06 May 2007

The Power of I

I was intrigued by a comment left on a post over at Laura's place. It referred to "The Power of I." One does have to read carefully. It's not "I" as in the Roman numeral for "one," although "The Power of One" is a good book to read. It's also not a mathematical reference to i...that magical mystery number. (Is it just me, or is there something kinky about a guy saying he wants to use his imaginary unit?) No, no, gentle readers, it refers to a component of Making Middle Grades Work that deals with grading. In this case, I = Incomplete.

The idea is that if a student does not complete an assignment, s/he doesn't have a grade of zero assigned. Instead, the student receives an "I" along with a consequence (e.g. assignment to a lunchtime or after school study hall) and then makes up the work. Behind all of this is the belief that kids know how to play the system---both at school and at home. If you can slack off and not have to worry about learning, then why bother? You don't have to learn to do the hard thing. Meanwhile, these same students fall farther and farther behind in their learning because they don't have any practice with the content. By having a school-wide system to hold kids accountable for learning, they raise expectations for students and support their achievement. (If you want more information, there's a giant PowerPoint on this page---scroll over to the right to link to the "Power of I" ppt.) As much fussing as we public educators make about the lack of parent and student accountability in NCLB, maybe it's time that do what we can to change that within our schools.

As far as I can tell, there's a good research base for the Power of I. (Trust me, I'm doing a ton of reading these days about standards-based grading for my EdD. If you don't want to take my word now, I'll send along a copy of my dissertation later. :) ) Are there barriers to implementation? Sure. Not only does a school need buy-in from all staff members, it needs a way to manage the program. Where and when will supervised opportunities for students to make up work happen? What if a kid still refuses to do the work---how does this translate to the grading policy? How many "I's" are allowable? Schools which navigate these waters are finding success with the program---and fewer students needing remediation and/or assignment to a time/place to make up missing work.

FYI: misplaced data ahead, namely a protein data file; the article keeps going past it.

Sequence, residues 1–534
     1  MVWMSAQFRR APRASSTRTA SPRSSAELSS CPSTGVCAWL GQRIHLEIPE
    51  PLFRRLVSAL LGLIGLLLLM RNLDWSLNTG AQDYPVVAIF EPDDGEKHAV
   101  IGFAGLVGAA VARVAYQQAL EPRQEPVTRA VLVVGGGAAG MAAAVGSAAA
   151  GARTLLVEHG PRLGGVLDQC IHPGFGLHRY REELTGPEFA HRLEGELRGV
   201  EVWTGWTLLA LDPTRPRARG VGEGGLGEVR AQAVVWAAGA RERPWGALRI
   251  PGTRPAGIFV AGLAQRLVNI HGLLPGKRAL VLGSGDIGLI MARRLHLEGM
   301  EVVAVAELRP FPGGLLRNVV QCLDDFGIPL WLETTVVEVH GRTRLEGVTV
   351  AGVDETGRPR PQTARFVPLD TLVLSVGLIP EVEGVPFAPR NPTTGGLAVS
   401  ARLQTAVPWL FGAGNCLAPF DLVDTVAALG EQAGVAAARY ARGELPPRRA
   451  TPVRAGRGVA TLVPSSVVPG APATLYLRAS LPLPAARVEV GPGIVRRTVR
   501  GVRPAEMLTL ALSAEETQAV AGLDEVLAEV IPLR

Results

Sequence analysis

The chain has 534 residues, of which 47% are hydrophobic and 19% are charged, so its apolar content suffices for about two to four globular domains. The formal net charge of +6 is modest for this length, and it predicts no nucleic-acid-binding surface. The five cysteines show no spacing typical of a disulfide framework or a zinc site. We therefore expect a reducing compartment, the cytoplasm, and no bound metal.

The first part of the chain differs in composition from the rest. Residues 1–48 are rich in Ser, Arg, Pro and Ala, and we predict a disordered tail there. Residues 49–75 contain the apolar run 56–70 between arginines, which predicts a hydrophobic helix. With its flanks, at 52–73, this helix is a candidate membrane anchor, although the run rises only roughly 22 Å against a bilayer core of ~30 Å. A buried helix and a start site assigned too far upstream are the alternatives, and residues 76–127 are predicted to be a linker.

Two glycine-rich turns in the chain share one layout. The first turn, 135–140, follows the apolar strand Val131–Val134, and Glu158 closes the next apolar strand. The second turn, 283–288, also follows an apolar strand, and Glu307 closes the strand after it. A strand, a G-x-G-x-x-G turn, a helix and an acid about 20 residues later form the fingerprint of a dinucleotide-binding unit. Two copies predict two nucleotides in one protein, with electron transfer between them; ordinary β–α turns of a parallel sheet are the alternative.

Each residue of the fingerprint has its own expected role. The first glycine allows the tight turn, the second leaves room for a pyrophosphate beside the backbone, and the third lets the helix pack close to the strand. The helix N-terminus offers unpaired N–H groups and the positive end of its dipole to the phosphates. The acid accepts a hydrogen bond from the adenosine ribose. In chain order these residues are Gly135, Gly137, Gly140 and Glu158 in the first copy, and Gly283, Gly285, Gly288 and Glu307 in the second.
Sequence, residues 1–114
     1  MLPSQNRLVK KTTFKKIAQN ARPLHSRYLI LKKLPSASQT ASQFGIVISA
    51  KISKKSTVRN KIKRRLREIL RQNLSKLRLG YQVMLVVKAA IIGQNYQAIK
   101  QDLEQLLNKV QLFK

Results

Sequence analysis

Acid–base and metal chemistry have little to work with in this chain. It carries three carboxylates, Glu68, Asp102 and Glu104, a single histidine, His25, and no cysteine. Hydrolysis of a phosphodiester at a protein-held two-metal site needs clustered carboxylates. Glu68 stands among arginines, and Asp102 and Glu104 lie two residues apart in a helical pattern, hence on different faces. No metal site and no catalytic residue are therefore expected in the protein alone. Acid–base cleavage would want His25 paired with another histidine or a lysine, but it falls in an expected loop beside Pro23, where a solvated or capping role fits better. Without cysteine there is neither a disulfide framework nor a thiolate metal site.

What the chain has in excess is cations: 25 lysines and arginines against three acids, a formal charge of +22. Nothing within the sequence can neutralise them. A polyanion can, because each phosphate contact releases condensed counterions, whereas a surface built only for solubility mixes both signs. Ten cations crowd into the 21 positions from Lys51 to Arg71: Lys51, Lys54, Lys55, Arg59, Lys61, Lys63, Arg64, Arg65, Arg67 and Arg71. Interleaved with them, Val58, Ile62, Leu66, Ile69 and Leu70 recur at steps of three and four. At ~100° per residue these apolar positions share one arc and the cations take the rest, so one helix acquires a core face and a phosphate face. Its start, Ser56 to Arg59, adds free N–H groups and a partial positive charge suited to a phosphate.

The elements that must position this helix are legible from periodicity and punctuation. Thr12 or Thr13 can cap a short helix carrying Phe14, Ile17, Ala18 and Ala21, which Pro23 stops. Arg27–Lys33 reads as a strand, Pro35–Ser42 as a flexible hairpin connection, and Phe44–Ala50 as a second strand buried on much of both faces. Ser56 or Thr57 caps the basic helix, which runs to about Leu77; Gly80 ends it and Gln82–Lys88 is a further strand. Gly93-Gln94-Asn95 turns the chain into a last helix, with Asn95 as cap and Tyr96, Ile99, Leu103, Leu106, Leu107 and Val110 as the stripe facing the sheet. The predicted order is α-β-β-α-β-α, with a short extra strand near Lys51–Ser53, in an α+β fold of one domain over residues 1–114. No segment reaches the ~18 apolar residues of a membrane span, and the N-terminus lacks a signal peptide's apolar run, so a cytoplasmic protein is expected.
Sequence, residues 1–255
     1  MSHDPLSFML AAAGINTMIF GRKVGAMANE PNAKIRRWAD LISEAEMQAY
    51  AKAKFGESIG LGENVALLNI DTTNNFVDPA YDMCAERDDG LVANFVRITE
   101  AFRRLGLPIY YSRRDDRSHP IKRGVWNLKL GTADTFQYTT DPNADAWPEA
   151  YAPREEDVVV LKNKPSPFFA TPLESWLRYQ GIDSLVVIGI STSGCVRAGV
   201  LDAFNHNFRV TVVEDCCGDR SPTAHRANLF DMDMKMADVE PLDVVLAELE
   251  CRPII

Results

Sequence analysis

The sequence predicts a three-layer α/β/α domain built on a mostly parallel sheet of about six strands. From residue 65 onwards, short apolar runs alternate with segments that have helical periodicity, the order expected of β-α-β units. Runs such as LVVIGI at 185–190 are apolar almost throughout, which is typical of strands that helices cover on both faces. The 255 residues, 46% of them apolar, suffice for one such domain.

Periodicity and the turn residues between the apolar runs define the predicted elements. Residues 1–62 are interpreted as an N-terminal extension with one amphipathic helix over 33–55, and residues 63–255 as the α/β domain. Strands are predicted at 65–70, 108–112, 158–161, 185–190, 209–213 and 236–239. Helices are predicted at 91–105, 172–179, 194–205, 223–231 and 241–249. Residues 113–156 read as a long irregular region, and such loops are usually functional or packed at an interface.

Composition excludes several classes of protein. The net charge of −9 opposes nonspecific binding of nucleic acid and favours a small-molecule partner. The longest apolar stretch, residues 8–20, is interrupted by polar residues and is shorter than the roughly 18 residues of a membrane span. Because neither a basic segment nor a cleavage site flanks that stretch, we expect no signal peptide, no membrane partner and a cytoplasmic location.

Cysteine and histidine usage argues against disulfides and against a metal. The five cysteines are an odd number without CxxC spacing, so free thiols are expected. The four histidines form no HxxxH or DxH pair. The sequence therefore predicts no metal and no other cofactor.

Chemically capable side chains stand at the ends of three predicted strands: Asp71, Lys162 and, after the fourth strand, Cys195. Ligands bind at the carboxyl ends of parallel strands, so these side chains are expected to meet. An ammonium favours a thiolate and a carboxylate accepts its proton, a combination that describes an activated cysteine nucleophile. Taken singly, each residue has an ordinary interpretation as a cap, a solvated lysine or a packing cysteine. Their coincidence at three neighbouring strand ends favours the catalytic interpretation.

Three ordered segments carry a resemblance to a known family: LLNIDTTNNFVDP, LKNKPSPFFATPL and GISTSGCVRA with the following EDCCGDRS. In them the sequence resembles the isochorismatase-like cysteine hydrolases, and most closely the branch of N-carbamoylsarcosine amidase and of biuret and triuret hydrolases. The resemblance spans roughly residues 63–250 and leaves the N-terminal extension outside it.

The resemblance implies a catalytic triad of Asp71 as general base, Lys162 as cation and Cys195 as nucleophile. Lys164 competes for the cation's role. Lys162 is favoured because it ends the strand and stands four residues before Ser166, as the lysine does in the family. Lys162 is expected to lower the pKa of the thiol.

We can't get all kids to standard by doing what we've always done in the past. We're going to have to stretch, try something a bit different, and make kids understand that we care about them. Maybe the Power of I is one step on the path to get there.

Update: Welcome Kitchen Table Math and RightWing Nation readers! Somehow, those bloggers missed the beginning of this post referring to middle grades. The "Power of I" was never intended for a university context, but hey, it's a good example of why we need to hold students accountable for standards like reading comprehension...rather then giving them 0's when they don't do their homework.


Anonymous said...

It was the willy-nilly replacement of zeroes with I's that worried me. Consequences--and now also limited allowed I's--make me less nervous. And since you promise a dissertation on the topic, my mind is still more at ease!

The Science Goddess said...

I hope that your school's leadership has a good plan in place for your colleagues and you. You all deserve their full support and planning so you can just focus on what you need to do in the classroom.

danw said...

I first heard about such concepts from How to Grade for Learning by Ken O'Connor. Secondary folks are most famous for some very punitive grading policies. That zero on assignments and test can negate a ton of quality work and provide an unfair assessment of what has actually been learned. Besides, it leads to a lack of motivation and enthusiasm on the part of our students. I think the incomplete is good practice. Best of luck on the dissertation. If you ever want an outside reader, let me know, especially if you near completion in the summer :)


The Science Goddess said...

"Incomplete" is good practice, but I think that in order to convince many secondary teachers of that, you have to give them some alternative for the "punitive" part, support for implementation, and ideas for how to handle make-up work (when it comes in).

Thanks for the offer of a reader...but it will likely be next summer before it's in shape to read. I'll keep you in mind. :)

Ms. Q said...

This is something I read on Laura's blog and have been wondering about the entire time I have been teaching. I understand the reasoning behind it--it is harder to come back from zeros. BUT, what do you do with the students who do the work, but fail the assignment, with less than the 50-59% you have decided to plug in for all zeros? I see the I issue working IF there is adequate support, however, at my campus, it would probably end up being something enforced by teachers (meaning scheduling around the students schedules due to very little support when it comes to actual out of class required time committments) or not enforced at all. Interested in hearing and may do my own post on this topic!